What are automated vision systems? What capabilities do they have and should you consider investing in one?
Automated vision systems, also known as machine vision systems, provide image-based inspection for a variety of industrial and manufacturing applications. Machine vision systems typically involve a smart camera that has been calibrated to perform specific inspections automatically as products flow down a production line. 2D and 3D cameras are now commonly used for automated inspection, along with robot guidance, product sorting, quality control and much more.
Types of Automation Vision Systems
There are thousands of applications for vision systems in manufacturing. The type of vision system most appropriate for your application will depend on several factors:
- Type of Inspection (i.e. label inspection, code inspection, defect inspection, etc.)
- The specific properties of your process or products (size, shape, orientation, etc.)
- Line Speed (speed of inspection)
- Other timing, production, or monetary constraints
Common types of inspections are listed below. These are achieved with either 1D, 2D, 3D or area/line scan cameras.
- Print & Code Inspection Systems: Identify incorrect or damaged labels on products before they are released. Examples include: Detecting damaged, poor quality text; Checking 1D barcodes and 2D date matrix codes for readability and product match; Inspecting preprinted artwork, ink-jet quality, laser markings, chemical etchings, etc.; Verifying correct labeling, nutritional information, correct ingredients, etc.
- Defect inspection systems: Catch and resolve product, packaging, or surface defects in real time. Examples may include: dent inspections, label placement verification, broken parts, broken seals, surface deformities, missing parts, etc.
- Custom Packaging Inspection: Limit the false reject rate and meet the exact quality and standards needed for your product. Examples include: Inspecting for dents, defects, damage, holes and creases for plastics, metals or glass; Checking labels for wrinkles, position, skew, date codes; Examining molded features, missing caps, correct seals, crooked caps, etc.
- Custom Web Inspections: Eliminate tears, holes, improper webbing or missing/defective features in web materials. Examples include: Real time image processing to detect holes, tears or damage to web, etc.; Inspection of artwork, barcodes and 2D codes, print inspection; Real-time process feedback to remove damaged sections of webbing, etc.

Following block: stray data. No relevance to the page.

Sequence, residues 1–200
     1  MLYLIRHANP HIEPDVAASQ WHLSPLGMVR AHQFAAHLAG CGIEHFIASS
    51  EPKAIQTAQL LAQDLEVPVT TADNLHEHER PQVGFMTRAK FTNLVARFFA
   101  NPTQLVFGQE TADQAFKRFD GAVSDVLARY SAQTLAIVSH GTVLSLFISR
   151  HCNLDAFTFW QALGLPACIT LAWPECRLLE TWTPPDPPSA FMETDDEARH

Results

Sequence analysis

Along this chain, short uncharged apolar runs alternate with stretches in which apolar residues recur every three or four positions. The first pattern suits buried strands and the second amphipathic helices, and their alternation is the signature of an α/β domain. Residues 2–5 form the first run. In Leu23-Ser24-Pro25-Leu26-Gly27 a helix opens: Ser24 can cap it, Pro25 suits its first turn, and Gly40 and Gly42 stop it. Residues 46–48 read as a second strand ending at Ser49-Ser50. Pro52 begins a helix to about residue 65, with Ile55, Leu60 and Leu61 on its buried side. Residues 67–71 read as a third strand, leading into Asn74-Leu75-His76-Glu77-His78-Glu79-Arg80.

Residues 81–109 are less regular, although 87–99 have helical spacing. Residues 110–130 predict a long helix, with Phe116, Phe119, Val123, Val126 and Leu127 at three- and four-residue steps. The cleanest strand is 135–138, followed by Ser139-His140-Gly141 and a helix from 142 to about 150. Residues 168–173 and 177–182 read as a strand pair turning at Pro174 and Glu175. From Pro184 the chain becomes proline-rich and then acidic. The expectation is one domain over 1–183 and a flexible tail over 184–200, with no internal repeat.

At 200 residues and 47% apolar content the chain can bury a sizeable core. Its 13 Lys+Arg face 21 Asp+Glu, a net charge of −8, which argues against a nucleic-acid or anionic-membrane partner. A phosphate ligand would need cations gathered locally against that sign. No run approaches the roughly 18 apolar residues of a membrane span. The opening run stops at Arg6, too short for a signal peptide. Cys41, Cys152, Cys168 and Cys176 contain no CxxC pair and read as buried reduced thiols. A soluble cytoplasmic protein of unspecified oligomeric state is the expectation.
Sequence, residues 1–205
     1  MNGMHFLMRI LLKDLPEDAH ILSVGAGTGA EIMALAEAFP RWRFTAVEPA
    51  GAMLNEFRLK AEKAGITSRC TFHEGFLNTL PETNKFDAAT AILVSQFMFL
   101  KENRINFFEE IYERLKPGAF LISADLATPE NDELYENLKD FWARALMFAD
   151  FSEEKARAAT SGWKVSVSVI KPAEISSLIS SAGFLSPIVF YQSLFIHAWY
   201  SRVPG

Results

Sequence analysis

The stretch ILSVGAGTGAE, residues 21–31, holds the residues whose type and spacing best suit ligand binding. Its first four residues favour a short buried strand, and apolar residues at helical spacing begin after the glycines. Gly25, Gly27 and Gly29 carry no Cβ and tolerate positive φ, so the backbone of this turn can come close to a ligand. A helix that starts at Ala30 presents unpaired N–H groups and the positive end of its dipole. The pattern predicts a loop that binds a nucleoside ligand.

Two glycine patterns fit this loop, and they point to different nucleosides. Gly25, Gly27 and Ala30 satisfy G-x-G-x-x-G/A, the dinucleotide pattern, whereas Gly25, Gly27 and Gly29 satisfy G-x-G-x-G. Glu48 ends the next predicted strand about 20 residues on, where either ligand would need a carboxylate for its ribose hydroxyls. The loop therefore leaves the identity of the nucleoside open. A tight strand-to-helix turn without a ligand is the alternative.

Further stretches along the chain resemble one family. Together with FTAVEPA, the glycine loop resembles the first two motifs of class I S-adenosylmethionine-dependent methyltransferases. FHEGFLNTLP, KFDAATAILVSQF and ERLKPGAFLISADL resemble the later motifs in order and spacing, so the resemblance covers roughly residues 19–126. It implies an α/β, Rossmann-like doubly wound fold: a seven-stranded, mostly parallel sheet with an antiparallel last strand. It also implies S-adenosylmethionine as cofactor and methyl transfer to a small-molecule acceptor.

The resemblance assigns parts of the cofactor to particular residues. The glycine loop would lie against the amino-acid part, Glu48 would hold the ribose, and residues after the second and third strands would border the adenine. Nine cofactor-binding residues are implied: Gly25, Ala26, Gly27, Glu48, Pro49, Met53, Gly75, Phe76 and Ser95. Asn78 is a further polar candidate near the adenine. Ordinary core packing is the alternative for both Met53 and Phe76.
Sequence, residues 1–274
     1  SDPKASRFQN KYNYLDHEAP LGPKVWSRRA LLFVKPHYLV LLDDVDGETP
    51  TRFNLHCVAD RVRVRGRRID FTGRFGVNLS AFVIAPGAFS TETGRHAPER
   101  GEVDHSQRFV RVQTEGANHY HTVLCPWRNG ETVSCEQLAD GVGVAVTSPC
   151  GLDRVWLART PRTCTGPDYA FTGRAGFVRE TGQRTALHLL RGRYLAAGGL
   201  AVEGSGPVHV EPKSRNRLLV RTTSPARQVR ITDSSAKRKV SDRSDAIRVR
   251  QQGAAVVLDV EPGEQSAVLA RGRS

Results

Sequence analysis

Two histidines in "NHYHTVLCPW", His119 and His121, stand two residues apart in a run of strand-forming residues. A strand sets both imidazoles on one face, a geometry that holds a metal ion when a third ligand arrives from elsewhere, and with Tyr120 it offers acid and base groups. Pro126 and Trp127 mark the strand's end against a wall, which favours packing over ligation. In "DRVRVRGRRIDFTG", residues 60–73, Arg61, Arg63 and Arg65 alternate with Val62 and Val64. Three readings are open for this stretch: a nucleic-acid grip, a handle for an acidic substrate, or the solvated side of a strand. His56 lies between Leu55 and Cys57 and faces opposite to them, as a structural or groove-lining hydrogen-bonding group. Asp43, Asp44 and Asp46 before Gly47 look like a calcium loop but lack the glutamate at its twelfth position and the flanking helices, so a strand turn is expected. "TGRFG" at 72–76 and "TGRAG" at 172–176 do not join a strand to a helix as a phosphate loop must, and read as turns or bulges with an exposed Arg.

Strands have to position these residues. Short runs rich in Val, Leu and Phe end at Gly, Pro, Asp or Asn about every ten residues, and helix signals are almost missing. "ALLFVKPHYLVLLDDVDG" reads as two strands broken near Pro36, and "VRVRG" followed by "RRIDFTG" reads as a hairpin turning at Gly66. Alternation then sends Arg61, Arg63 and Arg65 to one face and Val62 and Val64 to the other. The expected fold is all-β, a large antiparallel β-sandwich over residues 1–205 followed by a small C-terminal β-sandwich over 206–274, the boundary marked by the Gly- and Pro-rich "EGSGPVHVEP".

- Process Control Vision Systems: Utilize process feedback to achieve a flawless process line with an industrial vision process controls. Examples include: Precise control of robot positioning with imaging systems; Capturing and communicating measured values to various data logging systems; Historical data capture from your process; Data trends logging for process monitoring and proactive maintenance; Event monitoring and event capture systems, etc.
- Custom Tolerance Measurement: An integrated part inspection vision system ensures product quality, repeatable production standards, and can reveal valuable process information. Examples include: Verifying part tolerance, thread count, machine vision measurement and statistics; Checking final machined part tolerance; Comparing finished products to CAD images; Camera & laser scanning; Infrared cameras and radiometric analysis, heat seal inspection, etc.
While these are just a few of the common categories of vision systems, we see custom applications every day. Capabilities for vision inspections continue to evolve every year, and provide unique, efficient solutions to manufacturing or quality problems.
Examples of Automated Visions Systems in Manufacturing
Below are two examples of how an automated vision system works in an industrial environment:
Label Inspection & Barcode Evaluation for Children’s Consumable Product
Barcode verification for correct product labeling was needed on a high speed juice bottling line for a children’s consumable product. A smart camera was integrated to read the 2D bar code on each bottle as it passed by. This system verified the label was correct and present, and matched the product being filled into the bottle.
This system prevented product waste from incorrect labeling and ensure consumers got the right product with correct expiration dates and ingredients at the store.
The client needed to eliminate crushed bottles on the manufacturing line, preventing them from being packed into cases or shipped to customers. Various sized bottles in translucent, frosted and/or made from dark, opaque colors passed through the line daily. Translucent objects are difficult for camera lenses to “see” and crushed bottles do not take a predictable shape and the high speed of the line made it a difficult challenge for human staff.
This challenge was resolved with a custom bottle inspection vision system capable of handling clear, frosted and opaque bottles of varying sizes with a budget friendly solution. Every bottle passes in front of a backlight, creating a contrasted view of the bottle. The camera takes an individual snap shot of every bottle and processes the images inside the camera Bottle images not within the normal range of shapes triggers a bottle reject that pushes that bottle off the line before the filling station.
Solutions Provided by Automated Vision Systems
As demonstrated above, automated vision systems provide image-based inspection for a variety of industrial and manufacturing applications. These solutions can range from standard print inspections to creative visual inspections of challenging product issues. We invite clients to experiment with new processes, technologies and techniques that push the efficiency limits of traditional quality control systems by contacting an EPIC Vision Expert today.